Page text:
By - Jim Vess

Energy a big focus for Virginia legislature which passes sweeping clean energy bill

Energize Weekly, February 26, 2020

The Virginia legislature, on a pair of razor-thin votes, has passed a sweeping energy bill that will bolster renewable generation, energy storage and efforts to set a carbon dioxide cap and trade program.

While the Clean Economy Act was the most far-reaching and visible piece of energy legislation at the state legislature this session it was far from the only one as there was a flood of bills on issues including, energy efficiency, customer bill transparency,  and consumer energy choice.

Two the energy choice bills – which would enable consumers to purchase 100 percent renewable energy from any supplier – have passed the Assembly are still awaiting action in the Senate.

The surge in activity came as the Democrats took control of both houses of the legislature for the first time in more than two decades, while the governorship is also held by a Democrat, Ralph Northam.

The Clean Economy Act is in line with Northam’s September executive order to expand clean energy and clean energy jobs in the state.

“I think we are in a day in Virginia in which we are reassessing our energy structure,” Jay Jones, a Democratic delegate to the Virginia House, said at a press conference as the session opened.

Also pushing clean energy initiatives were a group of companies – particularly high tech and online companies – that have located computer servers and regional distribution centers in the state.

In May, nine companies with Virginia data centers – including Apple, Salesforce and Microsoft – scored Dominion Energy, the main regulated utility in the state, for its proposal for future power generation saying the plan “fails to fully take into account the energy preferences of the data center industry – by limiting the amount of competitively-procured solar energy, neglecting to consider energy storage as a cost-effective and beneficial energy resource, and continuing to plan for the development of additional natural gas infrastructure.”

Data centers are one of the drivers for increase electricity demand in the state, according to Dominion.

In December, many of those companies and Ceres, a nonprofit organization working with companies to promote a sustainable economy, came out in support of the Clean Economy Act.

“Greening Virginia’s electricity mix will help attract major companies working to meet ambitious sustainability goals and unlock private sector investments in Virginia’s clean energy economy,”  Alli Gold Roberts, Ceres director for state policy, said in a statement at the time.

The Clean Economy Act sets a goal of 2.4 gigawatts of energy storage by 2035, one of the most ambitious targets in the country, and requires 100 percent renewable energy generation from electric utilities and suppliers by 2045 in the House version and 2050 in the Senate version.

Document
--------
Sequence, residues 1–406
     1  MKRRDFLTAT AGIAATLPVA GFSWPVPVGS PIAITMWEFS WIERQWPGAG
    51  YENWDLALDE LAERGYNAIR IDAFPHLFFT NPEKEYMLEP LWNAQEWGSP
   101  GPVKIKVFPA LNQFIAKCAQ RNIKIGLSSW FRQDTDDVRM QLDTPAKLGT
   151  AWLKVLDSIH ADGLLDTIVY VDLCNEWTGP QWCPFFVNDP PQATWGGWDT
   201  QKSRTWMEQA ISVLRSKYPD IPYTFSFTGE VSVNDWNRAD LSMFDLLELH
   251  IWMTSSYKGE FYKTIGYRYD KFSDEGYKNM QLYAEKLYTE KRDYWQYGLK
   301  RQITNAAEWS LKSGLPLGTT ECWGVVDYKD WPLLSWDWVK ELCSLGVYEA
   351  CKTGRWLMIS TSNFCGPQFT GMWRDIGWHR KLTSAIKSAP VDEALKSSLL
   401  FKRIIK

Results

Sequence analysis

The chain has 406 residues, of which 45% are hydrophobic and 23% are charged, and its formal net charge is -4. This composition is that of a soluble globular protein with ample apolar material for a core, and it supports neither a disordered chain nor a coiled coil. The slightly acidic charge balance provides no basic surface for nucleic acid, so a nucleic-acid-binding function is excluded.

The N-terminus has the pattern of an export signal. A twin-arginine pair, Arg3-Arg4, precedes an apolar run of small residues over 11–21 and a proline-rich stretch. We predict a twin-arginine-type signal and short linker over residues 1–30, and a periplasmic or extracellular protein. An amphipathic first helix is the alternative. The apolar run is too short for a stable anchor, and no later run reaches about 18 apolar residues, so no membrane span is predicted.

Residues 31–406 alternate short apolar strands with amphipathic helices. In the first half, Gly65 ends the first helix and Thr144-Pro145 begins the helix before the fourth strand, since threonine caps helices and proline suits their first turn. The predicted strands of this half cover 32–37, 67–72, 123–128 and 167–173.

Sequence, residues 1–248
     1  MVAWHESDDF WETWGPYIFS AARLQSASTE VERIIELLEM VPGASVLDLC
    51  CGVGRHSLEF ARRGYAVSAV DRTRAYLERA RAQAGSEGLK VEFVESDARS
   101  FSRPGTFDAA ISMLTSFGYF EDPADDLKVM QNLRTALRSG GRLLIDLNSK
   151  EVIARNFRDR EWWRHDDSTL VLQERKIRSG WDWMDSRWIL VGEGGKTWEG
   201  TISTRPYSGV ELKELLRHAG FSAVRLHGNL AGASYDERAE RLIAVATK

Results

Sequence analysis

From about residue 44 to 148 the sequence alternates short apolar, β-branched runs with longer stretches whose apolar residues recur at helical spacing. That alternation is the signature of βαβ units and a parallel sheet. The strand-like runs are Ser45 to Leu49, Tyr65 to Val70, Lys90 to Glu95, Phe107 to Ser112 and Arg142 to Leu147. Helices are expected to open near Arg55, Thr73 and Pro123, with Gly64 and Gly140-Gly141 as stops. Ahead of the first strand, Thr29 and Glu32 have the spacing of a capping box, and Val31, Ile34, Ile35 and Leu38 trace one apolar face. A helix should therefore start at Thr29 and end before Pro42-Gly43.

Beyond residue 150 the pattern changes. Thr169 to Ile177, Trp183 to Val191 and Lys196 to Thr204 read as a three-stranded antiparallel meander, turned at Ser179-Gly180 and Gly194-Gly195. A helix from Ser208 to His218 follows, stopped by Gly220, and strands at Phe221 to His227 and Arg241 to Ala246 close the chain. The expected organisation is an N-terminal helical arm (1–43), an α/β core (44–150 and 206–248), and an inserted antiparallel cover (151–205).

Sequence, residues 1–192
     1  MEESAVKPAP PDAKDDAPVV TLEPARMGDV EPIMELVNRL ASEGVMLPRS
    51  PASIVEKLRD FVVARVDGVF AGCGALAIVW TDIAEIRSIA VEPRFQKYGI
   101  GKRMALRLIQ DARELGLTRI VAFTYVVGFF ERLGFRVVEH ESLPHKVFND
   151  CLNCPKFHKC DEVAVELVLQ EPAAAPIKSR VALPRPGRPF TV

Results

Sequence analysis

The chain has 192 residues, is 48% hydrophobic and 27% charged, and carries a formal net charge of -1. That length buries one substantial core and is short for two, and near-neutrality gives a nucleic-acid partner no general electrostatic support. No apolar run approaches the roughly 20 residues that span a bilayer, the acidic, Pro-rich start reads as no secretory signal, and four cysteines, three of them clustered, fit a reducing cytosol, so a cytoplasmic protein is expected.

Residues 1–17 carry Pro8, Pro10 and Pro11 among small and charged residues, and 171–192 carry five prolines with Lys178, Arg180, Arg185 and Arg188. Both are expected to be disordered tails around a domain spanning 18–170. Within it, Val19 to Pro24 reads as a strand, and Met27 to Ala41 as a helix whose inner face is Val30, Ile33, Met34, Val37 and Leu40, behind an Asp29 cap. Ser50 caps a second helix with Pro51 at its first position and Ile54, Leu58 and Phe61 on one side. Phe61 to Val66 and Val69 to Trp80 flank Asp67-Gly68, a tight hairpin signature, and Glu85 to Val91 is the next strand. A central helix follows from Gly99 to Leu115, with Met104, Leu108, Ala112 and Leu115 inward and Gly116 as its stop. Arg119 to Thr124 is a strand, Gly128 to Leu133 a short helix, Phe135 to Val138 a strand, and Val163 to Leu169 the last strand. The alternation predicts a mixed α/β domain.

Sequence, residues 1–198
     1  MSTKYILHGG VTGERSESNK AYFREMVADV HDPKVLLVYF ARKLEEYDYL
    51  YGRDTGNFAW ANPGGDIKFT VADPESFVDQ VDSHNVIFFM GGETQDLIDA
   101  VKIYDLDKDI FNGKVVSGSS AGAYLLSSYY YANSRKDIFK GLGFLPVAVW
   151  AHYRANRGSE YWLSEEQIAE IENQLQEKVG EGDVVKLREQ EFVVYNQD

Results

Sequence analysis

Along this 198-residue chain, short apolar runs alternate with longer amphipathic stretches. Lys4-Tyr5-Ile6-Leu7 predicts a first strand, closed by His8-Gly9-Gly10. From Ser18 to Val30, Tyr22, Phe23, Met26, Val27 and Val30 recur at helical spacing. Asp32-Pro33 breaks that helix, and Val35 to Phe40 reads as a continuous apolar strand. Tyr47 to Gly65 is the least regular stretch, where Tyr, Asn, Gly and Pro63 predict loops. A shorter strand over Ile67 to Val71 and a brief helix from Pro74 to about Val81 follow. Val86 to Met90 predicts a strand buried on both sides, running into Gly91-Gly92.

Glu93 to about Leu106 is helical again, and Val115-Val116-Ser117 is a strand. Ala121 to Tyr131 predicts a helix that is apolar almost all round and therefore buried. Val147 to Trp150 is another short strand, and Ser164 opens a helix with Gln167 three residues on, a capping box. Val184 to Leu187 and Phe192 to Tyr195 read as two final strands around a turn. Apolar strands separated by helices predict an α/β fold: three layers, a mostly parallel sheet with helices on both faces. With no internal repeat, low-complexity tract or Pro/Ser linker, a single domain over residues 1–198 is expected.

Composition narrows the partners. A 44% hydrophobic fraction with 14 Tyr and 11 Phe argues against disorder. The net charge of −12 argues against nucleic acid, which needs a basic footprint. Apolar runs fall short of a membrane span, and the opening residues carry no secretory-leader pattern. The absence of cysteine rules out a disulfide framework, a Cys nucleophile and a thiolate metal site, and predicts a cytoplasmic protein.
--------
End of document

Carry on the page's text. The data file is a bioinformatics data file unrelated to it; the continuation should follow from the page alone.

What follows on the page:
Dominion announced a commitment to 100 percent net-zero carbon emissions by 2050 on Feb. 11, the same day the Clean Economy Act passed.

“Our mandate is to provide reliable and affordable energy – safely. We do that every day, all year long,” Thomas F. Farrell, II, Dominion CEO, said in a statement announcing the plan. “But we recognize that we must also continue to be a leader in combatting climate change.”

The legislation also gives state regulators the power to temporarily block new power plants that emit carbon dioxide while the state studies whether to permanent ban is needed to meet state emission reduction goals.

One of the most controversial parts of the bill is a requirement that state regulators develop a carbon dioxide cap and trade program that complies with the Regional Greenhouse Gas Initiative, a carbon emission trading market among 10 Northeastern states.

In assessing an earlier proposal for cap and trade in Virginia, Dominion had calculated it would cost consumers $530 million between 2020 and 2030.

The bill passed the House 52-47 and the Senate on a straight party line vote of 21-19. There was a sharp split between rural legislators who said the bill would drive up electricity costs and hurt the competitivity of their districts and urban and suburban lawmakers.

“What we’re doing is creating economic isolation of the rest of Virginia from the more affluent parts of the state,” Sen. Bill Stanley, R-Franklin, said during the debate. “Industry will not come to our area because of these regulations.”

Differences between the House and Senate bills, such as the target date for zero emissions, still must be resolved before it is sent to Northam for his signature.

Meanwhile a few additional energy bills are trying to work their way to passage before the legislative session ends March 7.

Two of those bills aim to make it easier for customers to leave Dominion service for renewable energy option and then to rejoin Dominion. They would also remove barriers that limit the ability of individual customers to contract with outside suppliers of 100 percent renewable energy.

“Virginia’s energy policies should promote choice and clean energy development; but the reality is choice is limited and affordable clean energy development has not been a priority of our utilities,” Mike Mullin a delegate from Newport News and a sponsor of one of the bills, said in a statement. “It’s no surprise that Virginia customers of all sizes are asking the General Assembly for the ability to shop for clean energy. We should be promoting more ways to purchase clean energy, not fewer.”

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